Finally, I have time to plant the vegetable garden. I just submitted the last forest article and am about to start digging. On cue, the phone starts ringing, messages pinging, warning: council meeting — Councillor Manhas asking to resume logging during pause — No — Yes — Wait — Council voted against it — Yay council!
Oh no — What? They’re talking about ending the double pause.
And that was the end of the vegetable garden.
When public consultation about the forests was paused for 90 days, it was instantly named the “double pause” by some of us. Though COVID-19 was apocalyptic for people, the double pause was an extra reprieve for the community forests. That reprieve was going to give people time to figure out their lives, and nature 90 days to make itself heard. Ultimately, only a forest can communicate what it is directly: life. And what it’s not: a timber yard.
And it’s happening. People, young families especially, are entering the Six Mountains in prodigious numbers to find peace.
So on April 15, when council, with the best of intentions, began to discuss resuming public consultation, my heart sank.
Some councillors reasoned people are home with nothing to do, so we should ask consultants Lees and Associates whether meaningful online public consultation is possible.
Ted Swabey, chief administrative officer, warned, “If you ask a barber if you need a haircut, he’s going to tell you you need a haircut.” Also, he said the public may not see online consultation as meaningful.
I agreed. Although some people have time with nothing to do, I know people who are scared about how they’re going to survive and are trying to reinvent their lives.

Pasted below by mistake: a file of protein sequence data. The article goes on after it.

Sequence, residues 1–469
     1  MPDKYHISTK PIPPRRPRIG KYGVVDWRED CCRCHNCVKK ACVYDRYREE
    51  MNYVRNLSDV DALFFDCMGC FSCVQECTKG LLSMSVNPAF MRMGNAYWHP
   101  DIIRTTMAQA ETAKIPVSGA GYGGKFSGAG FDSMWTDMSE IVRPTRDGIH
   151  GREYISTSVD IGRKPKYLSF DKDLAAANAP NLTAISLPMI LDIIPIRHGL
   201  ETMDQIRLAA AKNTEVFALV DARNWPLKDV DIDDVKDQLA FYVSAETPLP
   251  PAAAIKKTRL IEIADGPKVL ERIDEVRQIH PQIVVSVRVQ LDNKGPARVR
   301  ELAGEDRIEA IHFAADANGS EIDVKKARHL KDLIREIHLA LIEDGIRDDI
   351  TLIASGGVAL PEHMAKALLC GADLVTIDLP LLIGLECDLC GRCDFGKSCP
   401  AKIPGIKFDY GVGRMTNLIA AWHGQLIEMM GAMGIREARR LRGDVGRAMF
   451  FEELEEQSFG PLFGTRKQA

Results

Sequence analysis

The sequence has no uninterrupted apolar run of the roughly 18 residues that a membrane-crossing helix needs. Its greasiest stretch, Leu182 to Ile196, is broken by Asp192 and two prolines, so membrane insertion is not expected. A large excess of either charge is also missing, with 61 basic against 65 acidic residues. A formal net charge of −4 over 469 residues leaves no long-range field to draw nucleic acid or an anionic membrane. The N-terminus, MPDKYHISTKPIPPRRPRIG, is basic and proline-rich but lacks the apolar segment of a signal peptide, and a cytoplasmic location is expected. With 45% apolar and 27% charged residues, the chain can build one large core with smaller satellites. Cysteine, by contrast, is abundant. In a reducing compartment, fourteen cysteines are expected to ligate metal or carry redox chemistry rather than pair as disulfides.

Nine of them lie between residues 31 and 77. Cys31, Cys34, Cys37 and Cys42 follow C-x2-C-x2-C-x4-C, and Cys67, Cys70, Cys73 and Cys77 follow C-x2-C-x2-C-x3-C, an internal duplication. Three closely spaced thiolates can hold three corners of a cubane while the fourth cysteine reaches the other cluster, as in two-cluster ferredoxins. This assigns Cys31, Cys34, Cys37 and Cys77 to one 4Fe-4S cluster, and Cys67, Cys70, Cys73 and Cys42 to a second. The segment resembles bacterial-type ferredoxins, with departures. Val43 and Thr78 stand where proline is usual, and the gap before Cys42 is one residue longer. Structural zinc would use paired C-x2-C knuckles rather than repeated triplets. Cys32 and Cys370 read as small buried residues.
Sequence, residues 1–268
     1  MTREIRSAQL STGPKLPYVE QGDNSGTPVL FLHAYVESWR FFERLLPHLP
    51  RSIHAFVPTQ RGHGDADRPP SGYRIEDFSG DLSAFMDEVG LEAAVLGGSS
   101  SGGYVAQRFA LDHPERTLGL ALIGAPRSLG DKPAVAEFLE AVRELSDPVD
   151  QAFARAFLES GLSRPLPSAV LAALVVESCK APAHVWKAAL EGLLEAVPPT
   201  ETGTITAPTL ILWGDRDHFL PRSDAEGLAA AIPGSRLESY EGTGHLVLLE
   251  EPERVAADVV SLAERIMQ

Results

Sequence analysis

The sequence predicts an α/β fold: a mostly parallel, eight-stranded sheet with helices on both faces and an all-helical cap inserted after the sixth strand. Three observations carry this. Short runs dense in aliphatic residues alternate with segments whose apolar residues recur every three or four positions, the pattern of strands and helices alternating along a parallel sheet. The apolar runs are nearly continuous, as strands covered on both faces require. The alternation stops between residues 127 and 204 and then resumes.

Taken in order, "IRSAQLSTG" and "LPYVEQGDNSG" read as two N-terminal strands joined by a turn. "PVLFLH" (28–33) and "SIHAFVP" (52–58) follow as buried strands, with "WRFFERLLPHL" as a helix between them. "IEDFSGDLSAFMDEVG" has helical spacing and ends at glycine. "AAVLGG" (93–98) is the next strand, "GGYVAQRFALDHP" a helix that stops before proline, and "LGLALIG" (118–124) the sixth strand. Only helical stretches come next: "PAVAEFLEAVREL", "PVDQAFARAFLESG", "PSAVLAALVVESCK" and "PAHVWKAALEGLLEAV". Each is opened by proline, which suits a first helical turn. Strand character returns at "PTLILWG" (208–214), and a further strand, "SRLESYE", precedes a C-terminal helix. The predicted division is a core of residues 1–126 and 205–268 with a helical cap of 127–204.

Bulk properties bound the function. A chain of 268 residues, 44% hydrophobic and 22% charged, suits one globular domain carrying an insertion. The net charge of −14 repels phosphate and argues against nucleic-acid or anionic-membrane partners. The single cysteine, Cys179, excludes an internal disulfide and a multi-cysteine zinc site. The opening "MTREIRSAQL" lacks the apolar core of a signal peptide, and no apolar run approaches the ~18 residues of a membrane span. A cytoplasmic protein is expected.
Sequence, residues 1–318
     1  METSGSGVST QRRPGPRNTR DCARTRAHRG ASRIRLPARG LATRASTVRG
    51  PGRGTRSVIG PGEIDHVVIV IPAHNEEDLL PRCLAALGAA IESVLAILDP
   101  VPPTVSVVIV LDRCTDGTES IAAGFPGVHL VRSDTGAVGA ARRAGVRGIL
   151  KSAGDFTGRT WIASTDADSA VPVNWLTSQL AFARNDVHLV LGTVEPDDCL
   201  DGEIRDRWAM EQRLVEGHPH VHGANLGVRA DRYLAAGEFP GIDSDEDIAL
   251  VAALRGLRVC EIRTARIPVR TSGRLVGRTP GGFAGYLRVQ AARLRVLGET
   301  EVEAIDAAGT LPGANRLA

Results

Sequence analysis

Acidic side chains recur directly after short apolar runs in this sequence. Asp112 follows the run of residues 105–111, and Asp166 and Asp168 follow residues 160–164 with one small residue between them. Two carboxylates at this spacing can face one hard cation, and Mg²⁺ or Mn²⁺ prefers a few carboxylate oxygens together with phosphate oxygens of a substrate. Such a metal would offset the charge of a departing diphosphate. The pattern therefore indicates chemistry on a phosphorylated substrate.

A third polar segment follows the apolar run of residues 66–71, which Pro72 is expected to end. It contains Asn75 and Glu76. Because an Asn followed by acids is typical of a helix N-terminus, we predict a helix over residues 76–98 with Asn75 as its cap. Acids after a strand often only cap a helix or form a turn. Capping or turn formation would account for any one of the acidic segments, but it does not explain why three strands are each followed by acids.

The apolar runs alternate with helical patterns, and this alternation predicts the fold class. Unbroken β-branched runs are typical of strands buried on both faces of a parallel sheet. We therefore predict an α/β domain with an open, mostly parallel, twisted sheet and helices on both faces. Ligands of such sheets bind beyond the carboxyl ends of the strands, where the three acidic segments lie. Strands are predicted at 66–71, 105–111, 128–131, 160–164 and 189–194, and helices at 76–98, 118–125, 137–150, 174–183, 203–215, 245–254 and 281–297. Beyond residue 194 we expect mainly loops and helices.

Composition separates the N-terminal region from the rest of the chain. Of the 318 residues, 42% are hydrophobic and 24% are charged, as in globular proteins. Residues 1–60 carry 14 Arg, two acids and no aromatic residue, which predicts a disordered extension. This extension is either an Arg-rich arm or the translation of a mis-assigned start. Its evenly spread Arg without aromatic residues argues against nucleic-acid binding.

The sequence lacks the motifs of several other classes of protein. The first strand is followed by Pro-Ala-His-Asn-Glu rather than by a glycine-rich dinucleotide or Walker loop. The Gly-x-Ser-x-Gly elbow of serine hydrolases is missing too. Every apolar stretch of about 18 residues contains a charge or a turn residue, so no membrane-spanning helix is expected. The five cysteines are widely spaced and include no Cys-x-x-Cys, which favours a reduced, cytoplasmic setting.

There are people working in essential services.
There are people volunteering, driving food, planting food, transporting people.
There are single parents home-schooling their children, wondering how they’re going to pay for groceries.
There are people who can’t see their older parents, children and grandchildren.
There are people in despair, depressed, grieving.
When I ask people their opinions, most are overwhelmed — everything takes so much time. If they have free time, they need to do something for themselves to stay positive, like finger painting, hula hooping, pick-up-sticks, planting vegetables, walking in the forests.
Also, people are spending hours on FaceTime with loved ones and when they’re done — along with all the other things they must now do on the web — they aren’t going to have the energy to go back online to do public consultation.
I’m not saying online consultation won’t work, on a level, and that there are no opportunities. My concerns are the timing, challenges, and limitations.
I believe the first step in consultation must be understanding how a forest survives, such as: what are mycelium, root connections, living stumps, and the infinite life forms in the canopy? How to share the deepest understanding is a whole other article — it is about sharing as a community. We have many experts of many backgrounds. Do we really need consultants for this?
If digital consultation begins, the clock starts ticking, eroding the hours with Lees; if we find ourselves racing toward September when some logging may resume; if the process fails the regret will be small in comparison with the long term consequences.
So why hurry? We are in a historic moment. We have a rare opportunity to pause and to gage our changing values. Already we are witnessing extraordinary changes.
Beneath clear, clean blue skies, smog pulls back, horizons expand and so does imagination as people ask one another: do you smell the air?
What if we could rest in this state of awe and allow it to permeate a little longer?
Sometimes, to do nothing is the most powerful thing we can do;
Sometimes, to say nothing is the most powerful thing we can say;
When we are listening, the forests may reveal themselves;
Out of the darkest times, the truth may be heard.
And as far as time goes, though none of us may have time, time may have us, and one day it becomes clear: it’s not about time, it’s all about timing.
Photo Courtesy of Chris Istace